At its most basic level, conversion rate optimization (CRO) is meant to increase lead generation and sales by maximizing each visit to your website. Getting to the point where your website is a well-oiled conversion machine requires calling upon the teachings of your high school science teacher who stressed the importance of the scientific method–this process is all about testing and analysis.

1. Website Testing

Website testing is the backbone of CRO; without it any decisions you make are not easily backed up by data. Testing the performance of your website falls into two main categories: A/B split testing and multivariate testing.

  • A/B testing is the process of creating two or more variations of the same landing page (a control and test pages) for the purpose of determining which element change was the most successful. Because it involves changing the location or wording of on-page elements, this is a simple way to judge success or failure against the control. After testing, the decision to implement your tested change(s) or not should be based on which version provided the highest conversions (e.g. clicks to your contact page). Testing is a never-ending process and regardless of whether you decide to change the page or keep it the same, your next round of testing should begin right away.
  • Multivariate testing is far more complicated than manipulating a few elements. Multivariate testing is based on manipulating images and graphics to test unique page designs. For this test method you will modify the entire appearance of a webpage and track which version is most successful. Consider using this method if you’re looking for a complete website redesign as opposed to optimizing a handful of landing pages.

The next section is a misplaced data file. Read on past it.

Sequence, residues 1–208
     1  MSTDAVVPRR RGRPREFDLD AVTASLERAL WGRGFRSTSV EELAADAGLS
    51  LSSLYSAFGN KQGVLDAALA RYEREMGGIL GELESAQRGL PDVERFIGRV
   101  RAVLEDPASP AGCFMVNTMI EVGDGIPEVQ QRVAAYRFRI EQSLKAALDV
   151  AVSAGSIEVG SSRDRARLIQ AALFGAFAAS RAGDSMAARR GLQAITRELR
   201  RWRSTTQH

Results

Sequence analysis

2. Quick Contacts

Make things easy for your visitors and take advantage of impulse decisions. If you are successfully funneling people to a landing page, don’t make them leave that page to contact you. A quick contact form placed in the sidebar of your page is a great way to present visitors with an option to contact you and find more information about your product or service. Quick contact forms remove the steps of having to seek out your contact page, fill out the form, and hopefully remember the information on the previous landing page. Remove all variables and make contacting you as simple as possible.

3. Location of Calls to Action

Put all calls to action at the top of your page or within strategic places in your body copy. If you run a heat-mapping or scroll-tracking program during your tests it will be evident that less than 20 to 30 percent of your visitors will navigate to the bottom of your page. Placing important conversion calls to action (e.g. “buy now”, “contact us”) above the fold (on the portion of the page that is initially visible on a monitor) means 100 percent of your visitors will see it.

4. Appearance of Calls to Action

Don’t be afraid to make your calls to action stand out. These elements should be large and use a color scheme that does not blend in with your site. You want your calls to action to immediately catch the eye of each visitor.

5. Element Titles

When creating titles or wording for individual elements, be very aware of the wording you use. If you want somebody to contact you, don’t try to be witty or too specific because your word choice might turn people away. “Contact Us” might sound boring, but it effectively opens the door for anyone to contact you.

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